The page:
In N = 1 rigid supersymmetric theories, there exist three standard realizations of the supercurrent multiplet corresponding to the (i) old minimal, (ii) new minimal and (iii) non-minimal off-shell formulations for N = 1 supergravity. Recently, Komargodski and Seiberg in arXiv:1002.2228 put forward a new supercurrent and proved its consistency, although in the past it was believed not to exist. In this paper, three new variant supercurrent multiplets are proposed. Implications for supergravity-matter systems are discussed. © SISSA 2010.


Raven J.A.,University of Western Australia | Hurd C.L.,University of Otago
Photosynthesis Research | Year: 2012

Macroalgae occur in the marine benthos from the upper intertidal to depths of more than 200 m, contributing up to 1 Pg C per year to global primary productivity. Freshwater macroalgae are mainly green (Chlorophyta) with some red (Rhodophyta) and a small contribution of brown (Phaeophyceae) algae, while in the ocean all three higher taxa are important. Attempts to relate the depth distribution of three higher taxa of marine macroalgae to their photosynthetic light use through their pigmentation in relation to variations in spectral quality of photosynthetically active radiation (PAR) with depth (complementary chromatic adaptation) and optical thickness (package effect) have been relatively unsuccessful. The presence (Chlorophyta, Phaeophyceae) or absence (Rhodophyta) of a xanthophyll cycle is also not well correlated with depth distribution of marine algae. The relative absence of freshwater brown algae does not seem to be related to their photosynthetic light use. Photosynthetic inorganic carbon acquisition in some red and a few green macroalgae involves entry of CO2 by diffusion. Other red and green macroalgae, and brown macroalgae, have CO2 concentrating mechanisms; these frequently involve acid and alkaline zones on the surface of the alga with CO2 (produced from HCO3 -) entering in the acid zones, while some macroalgae have CCMs based on active influx of HCO3 -. These various mechanisms of carbon acquisition have different responses to the thickness of the diffusion boundary layer, which is determined by macroalgal morphology and water velocity. Energetic predictions that macroalgae growing at or near the lower limit of PAR for growth should rely on diffusive CO2 entry without acid and alkaline zones, and on NH 4 + rather than NO3 - as nitrogen source, are only partially borne out by observation. The impact of global environmental change on marine macroalgae mainly relates to ocean acidification and warming with shoaling of the thermocline and decreased nutrient flux to the upper mixed layer. Predictions of the impact on macroalgae requires further experiments on interactions among increased inorganic carbon, increased temperature and decreased nitrogen and phosphorus supply, and, when possible, studies of genetic adaptation to environmental change. © 2012 Springer Science+Business Media B.V.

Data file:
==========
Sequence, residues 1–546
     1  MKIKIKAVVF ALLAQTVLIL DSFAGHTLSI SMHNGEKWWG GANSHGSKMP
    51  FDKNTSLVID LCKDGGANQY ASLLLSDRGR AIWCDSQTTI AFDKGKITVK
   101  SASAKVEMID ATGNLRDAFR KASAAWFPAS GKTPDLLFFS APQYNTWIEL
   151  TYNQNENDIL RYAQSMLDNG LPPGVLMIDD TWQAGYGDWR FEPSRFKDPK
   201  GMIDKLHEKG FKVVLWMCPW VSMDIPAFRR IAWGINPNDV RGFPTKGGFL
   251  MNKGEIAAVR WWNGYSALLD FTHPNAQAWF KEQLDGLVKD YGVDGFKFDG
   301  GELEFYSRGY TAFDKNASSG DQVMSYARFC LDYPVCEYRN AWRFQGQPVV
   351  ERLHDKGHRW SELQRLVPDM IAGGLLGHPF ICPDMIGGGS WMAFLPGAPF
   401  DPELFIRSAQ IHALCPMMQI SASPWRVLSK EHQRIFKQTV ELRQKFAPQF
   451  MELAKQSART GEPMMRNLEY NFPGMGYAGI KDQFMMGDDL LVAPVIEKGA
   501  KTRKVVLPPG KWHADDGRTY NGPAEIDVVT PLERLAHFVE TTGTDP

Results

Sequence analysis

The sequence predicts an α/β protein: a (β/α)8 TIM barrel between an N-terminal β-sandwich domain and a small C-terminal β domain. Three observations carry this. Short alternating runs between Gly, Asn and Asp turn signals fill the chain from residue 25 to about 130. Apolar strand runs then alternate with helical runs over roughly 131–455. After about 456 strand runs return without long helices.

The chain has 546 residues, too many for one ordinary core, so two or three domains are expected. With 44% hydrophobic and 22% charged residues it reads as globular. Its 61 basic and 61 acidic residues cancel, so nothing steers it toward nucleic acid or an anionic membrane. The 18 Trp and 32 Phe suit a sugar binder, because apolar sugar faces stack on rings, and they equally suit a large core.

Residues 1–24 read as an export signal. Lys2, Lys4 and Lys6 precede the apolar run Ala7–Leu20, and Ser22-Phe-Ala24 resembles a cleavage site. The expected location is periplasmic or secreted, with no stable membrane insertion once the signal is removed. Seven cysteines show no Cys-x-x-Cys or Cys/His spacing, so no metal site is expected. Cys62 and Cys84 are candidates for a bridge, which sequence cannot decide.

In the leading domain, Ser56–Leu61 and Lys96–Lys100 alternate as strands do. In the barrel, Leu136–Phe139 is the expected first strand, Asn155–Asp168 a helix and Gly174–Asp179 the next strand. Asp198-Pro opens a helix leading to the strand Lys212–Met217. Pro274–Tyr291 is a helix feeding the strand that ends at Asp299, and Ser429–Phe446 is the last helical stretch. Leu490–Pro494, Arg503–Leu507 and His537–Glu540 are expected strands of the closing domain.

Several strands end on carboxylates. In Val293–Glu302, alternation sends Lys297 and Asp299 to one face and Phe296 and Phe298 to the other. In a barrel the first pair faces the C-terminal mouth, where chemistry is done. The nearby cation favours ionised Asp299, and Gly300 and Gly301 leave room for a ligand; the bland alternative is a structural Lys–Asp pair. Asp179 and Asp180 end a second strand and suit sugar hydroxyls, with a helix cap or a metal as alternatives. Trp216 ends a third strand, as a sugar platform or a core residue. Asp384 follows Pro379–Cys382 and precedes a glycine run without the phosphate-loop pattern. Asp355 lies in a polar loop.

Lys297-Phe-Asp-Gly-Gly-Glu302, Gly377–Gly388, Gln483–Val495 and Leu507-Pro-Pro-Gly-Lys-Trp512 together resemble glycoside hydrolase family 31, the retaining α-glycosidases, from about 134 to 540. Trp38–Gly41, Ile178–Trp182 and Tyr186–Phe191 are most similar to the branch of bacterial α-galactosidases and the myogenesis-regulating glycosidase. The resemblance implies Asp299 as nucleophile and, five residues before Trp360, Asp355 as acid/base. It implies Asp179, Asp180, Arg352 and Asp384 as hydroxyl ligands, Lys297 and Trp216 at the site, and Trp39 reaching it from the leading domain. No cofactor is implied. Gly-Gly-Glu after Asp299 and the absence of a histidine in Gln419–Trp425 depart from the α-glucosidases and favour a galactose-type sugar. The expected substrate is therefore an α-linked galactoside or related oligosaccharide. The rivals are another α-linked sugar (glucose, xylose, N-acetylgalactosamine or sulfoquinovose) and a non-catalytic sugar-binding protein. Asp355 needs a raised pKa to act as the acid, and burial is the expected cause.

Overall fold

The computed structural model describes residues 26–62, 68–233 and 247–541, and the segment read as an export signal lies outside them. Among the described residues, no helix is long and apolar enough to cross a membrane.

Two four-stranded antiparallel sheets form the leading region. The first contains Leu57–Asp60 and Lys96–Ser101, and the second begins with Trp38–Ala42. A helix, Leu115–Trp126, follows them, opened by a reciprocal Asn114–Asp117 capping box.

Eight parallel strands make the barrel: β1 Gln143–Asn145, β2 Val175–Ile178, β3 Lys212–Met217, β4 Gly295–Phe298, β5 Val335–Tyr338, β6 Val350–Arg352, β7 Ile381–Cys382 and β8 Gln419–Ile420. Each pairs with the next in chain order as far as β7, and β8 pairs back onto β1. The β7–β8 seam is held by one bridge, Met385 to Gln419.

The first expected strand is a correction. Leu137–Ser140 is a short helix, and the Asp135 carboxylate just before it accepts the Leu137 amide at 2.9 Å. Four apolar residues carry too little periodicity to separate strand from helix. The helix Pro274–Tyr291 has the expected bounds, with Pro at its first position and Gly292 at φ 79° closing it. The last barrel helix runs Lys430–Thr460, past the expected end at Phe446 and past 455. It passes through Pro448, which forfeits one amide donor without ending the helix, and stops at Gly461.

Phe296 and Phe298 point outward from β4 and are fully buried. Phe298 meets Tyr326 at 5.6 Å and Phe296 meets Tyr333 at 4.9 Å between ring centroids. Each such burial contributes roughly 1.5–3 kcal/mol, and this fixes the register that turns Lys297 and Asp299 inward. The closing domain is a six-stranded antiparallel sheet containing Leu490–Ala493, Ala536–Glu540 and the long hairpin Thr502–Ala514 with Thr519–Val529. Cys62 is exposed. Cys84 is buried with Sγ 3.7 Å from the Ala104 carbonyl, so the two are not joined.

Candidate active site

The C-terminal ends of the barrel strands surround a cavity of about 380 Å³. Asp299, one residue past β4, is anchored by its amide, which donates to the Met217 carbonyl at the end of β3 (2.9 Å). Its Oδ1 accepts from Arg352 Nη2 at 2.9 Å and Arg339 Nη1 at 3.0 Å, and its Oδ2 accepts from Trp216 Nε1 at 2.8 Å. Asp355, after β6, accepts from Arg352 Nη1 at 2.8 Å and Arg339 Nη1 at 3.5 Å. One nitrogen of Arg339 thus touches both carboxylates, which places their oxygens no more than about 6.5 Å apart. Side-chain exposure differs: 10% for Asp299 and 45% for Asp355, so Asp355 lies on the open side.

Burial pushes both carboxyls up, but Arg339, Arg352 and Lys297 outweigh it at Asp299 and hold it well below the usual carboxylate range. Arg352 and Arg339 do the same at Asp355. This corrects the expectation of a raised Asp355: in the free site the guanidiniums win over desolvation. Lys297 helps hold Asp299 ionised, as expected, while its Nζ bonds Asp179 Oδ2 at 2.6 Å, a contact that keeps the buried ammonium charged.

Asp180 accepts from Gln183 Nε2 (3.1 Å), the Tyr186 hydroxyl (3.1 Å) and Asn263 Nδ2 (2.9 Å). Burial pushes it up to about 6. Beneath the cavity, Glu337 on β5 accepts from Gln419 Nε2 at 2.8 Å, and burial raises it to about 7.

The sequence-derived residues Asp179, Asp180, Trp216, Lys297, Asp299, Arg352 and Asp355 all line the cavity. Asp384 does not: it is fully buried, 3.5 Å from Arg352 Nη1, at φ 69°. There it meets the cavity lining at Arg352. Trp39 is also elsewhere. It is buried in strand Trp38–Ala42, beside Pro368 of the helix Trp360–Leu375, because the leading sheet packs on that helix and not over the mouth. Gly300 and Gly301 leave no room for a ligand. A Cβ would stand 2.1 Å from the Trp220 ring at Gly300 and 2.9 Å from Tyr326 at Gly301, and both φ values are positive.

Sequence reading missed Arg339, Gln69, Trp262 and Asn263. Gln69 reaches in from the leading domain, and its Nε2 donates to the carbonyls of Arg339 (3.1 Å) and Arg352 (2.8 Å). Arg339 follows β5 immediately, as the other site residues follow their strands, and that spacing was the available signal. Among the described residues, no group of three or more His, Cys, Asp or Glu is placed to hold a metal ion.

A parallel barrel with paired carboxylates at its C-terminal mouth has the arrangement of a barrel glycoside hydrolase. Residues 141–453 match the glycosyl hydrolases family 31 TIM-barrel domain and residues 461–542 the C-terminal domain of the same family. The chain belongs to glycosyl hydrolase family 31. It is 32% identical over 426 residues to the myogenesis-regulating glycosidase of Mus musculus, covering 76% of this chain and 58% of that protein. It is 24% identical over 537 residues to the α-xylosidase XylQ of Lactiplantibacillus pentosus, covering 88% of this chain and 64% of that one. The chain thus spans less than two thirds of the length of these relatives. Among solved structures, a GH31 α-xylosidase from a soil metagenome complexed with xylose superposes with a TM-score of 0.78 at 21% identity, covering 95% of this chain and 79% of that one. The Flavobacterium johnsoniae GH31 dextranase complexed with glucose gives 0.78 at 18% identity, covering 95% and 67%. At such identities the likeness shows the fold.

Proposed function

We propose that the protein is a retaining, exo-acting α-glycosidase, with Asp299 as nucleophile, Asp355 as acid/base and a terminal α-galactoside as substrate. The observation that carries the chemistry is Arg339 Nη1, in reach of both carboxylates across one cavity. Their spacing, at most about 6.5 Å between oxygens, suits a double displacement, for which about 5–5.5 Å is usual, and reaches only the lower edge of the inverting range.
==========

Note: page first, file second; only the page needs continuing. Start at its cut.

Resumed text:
Fogarty J.J.,University of Western Australia
Applied Economics | Year: 2012

As food is an experience good, the market for restaurant meals is a market where the cost of acquiring information regarding quality is relatively high. In such markets consumers often turn to reputation measures to guide purchase decisions. As Australia does not have a longstanding cuisine style of its own, and given Australia has been open to substantial immigration inflows since federation, it represents an especially appropriate market to study regarding the impact of individual restaurant reputation and collective cuisine reputation on meal prices. The following study uses the hedonic price approach to investigate the implicit price of individual reputation indicators, cuisine type reputation indicators and other objective indicators in the market for restaurant meals. The empirical findings presented suggest that both individual restaurant reputation and cuisine type reputation are important. Other important factors are shown to include the quality of the restaurant wine list, the availability of private dining rooms, and whether or not there is an outdoor dining option. © 2012 Taylor & Francis.


Zhao X.,North China Electrical Power University | Ma C.,University of Western Australia
Energy Economics | Year: 2013